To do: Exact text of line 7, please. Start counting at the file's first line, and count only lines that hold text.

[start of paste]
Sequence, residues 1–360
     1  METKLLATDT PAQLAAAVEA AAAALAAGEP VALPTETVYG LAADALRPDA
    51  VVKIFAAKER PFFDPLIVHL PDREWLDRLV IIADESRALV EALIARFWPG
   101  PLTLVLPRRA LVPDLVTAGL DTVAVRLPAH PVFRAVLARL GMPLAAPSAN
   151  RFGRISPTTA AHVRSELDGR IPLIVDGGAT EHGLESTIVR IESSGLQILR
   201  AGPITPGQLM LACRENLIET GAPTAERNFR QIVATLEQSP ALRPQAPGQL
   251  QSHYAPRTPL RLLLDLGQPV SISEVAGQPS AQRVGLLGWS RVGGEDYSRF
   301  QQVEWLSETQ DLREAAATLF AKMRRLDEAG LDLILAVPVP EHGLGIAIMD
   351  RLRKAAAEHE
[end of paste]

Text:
   251  QSHYAPRTPL RLLLDLGQPV SISEVAGQPS AQRVGLLGWS RVGGEDYSRF